The external ultrastructure of the anterior and posterior extremities of the nematodes, Strongylus asini , Strongylus vulgaris, Strongylus equinus and Strongylus edentatus, was studied with scanning electron microscopy (SEM). Fresh specimens of S. asini were collected from the caecum, ventral colon and vena portae of Equus burchelli and Equus zebra hartmannae ; S. vulgaris from the caecum, colon and arteria ileocolica of E. burchelli ; S. equinus from the ventral colon of E. z. hartmannae and S. edentatus from the caecum and ventral colon of both zebras , during surveys of parasites in zebras in the Etosha Game Reserve, South West Africa/Namibia, and the Kruger National Park, Republic of South Africa. The worms were cleaned, fixed and mounted by standard methods and photographed in a JEOL JSM - 35C scanning electron microscope (SEM) operating at 12kV . The SEM showed the following differences: the tips of the external leaf-crowns varied and were fine and delicate in S. asini , coarse and broad in S. vulgaris and, in S. equinus and S. edentatus, closely adherent, separating into single elements for half their length. The excretory pores showed only slight variation, and the morphology of the copulatory bursae did not differ from those seen with light microscopy. The genital cones differed markedly: S. asini had a ventral triangular projection and laterally 2 finger-like projections: in S. vulgaris there were numerous bosses on the lateral and ventral aspects of the cone; in S. equinus 2 finger-like processes projected laterocaudally ; and in S. edentatus 2 pairs of papilla-like processes projected laterally on the ventral aspects, and a pair of rounded projections and a pair of hair-like structures adorned the dorsal aspects.(ABSTRACT TRUNCATED AT 250 WORDS)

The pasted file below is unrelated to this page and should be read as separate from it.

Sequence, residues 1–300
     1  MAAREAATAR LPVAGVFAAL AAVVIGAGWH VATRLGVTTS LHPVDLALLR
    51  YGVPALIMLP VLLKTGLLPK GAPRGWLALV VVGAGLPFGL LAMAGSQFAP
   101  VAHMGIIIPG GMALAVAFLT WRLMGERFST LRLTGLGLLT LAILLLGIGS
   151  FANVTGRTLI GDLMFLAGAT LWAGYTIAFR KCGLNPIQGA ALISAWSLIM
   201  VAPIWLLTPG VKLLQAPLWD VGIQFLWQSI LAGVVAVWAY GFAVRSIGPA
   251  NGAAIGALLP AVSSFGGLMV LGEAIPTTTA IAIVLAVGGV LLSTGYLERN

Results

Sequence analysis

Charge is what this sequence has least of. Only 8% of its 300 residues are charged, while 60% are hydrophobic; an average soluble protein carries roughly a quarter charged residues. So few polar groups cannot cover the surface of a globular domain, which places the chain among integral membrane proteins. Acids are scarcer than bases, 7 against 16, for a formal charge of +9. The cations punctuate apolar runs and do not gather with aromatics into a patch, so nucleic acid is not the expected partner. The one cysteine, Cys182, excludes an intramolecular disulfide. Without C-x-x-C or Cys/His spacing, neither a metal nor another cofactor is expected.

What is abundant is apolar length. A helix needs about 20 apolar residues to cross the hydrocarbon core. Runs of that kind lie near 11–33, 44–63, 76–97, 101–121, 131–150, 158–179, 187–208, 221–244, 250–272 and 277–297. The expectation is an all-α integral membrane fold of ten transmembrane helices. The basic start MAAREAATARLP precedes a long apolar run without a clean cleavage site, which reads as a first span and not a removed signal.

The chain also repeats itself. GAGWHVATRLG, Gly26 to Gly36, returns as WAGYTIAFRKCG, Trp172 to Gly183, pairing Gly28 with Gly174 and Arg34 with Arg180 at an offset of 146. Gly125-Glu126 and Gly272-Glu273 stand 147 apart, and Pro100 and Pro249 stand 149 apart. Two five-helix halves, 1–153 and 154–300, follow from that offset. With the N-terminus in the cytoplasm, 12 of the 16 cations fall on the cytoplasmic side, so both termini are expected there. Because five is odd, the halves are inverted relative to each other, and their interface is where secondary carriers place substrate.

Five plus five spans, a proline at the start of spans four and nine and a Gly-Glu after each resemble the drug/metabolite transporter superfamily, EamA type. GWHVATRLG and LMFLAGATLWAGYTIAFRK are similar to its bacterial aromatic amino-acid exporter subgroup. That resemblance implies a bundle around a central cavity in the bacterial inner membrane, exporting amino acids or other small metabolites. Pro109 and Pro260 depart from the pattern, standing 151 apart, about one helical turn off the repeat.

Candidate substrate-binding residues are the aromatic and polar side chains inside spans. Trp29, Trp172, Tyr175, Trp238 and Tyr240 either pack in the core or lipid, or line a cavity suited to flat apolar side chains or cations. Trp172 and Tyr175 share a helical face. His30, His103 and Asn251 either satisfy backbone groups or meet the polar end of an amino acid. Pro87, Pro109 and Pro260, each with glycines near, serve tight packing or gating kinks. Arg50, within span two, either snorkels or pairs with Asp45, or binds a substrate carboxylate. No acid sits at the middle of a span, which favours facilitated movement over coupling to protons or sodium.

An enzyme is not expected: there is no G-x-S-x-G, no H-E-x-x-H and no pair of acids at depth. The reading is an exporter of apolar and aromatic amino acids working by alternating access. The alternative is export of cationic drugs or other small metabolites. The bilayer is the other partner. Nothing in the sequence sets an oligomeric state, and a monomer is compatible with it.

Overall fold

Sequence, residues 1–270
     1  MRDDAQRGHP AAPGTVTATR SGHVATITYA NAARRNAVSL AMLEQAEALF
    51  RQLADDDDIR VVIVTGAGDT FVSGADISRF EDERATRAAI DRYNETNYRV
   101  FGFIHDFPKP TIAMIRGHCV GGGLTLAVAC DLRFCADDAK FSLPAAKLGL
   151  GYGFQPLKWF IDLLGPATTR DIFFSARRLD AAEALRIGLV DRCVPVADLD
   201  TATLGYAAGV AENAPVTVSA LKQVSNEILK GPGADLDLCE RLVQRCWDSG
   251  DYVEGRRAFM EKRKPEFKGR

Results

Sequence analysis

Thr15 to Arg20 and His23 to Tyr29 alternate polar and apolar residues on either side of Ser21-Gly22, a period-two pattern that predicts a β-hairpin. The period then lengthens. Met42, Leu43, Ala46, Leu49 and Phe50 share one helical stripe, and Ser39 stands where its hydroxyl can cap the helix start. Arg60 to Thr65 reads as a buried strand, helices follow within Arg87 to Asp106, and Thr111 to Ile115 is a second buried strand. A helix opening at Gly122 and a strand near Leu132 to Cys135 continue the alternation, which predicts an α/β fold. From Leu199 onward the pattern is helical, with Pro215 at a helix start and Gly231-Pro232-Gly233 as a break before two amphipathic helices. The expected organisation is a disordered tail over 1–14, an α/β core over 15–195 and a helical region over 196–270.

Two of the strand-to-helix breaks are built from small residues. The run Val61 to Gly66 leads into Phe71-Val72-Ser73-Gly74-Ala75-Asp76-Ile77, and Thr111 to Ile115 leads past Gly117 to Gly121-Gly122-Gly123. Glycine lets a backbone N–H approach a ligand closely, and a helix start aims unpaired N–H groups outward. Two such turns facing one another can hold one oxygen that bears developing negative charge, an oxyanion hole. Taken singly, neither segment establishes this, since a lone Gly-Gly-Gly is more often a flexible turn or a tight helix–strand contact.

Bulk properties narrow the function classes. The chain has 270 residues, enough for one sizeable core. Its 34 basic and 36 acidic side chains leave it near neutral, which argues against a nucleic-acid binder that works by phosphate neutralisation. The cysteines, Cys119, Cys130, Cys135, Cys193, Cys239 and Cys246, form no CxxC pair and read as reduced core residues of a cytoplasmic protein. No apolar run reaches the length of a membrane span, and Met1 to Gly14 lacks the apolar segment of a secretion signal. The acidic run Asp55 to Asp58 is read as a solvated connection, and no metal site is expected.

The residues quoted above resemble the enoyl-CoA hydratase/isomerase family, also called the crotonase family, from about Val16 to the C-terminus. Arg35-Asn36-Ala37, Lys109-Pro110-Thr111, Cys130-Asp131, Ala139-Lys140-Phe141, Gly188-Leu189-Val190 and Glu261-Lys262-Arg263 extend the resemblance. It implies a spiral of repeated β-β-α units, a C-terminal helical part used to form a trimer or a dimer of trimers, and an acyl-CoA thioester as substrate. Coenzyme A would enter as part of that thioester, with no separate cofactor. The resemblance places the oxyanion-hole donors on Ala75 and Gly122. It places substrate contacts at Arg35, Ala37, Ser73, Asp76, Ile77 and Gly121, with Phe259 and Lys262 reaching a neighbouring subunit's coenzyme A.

20. Spatiotemporal Observation of Electron-Impact Dynamics in Photovoltaic Materials Using 4D Electron Microscopy

    KAUST Repository

    Shaheen, Basamat; Sun, Jingya; Yang, Ding-Shyue; Mohammed, Omar F.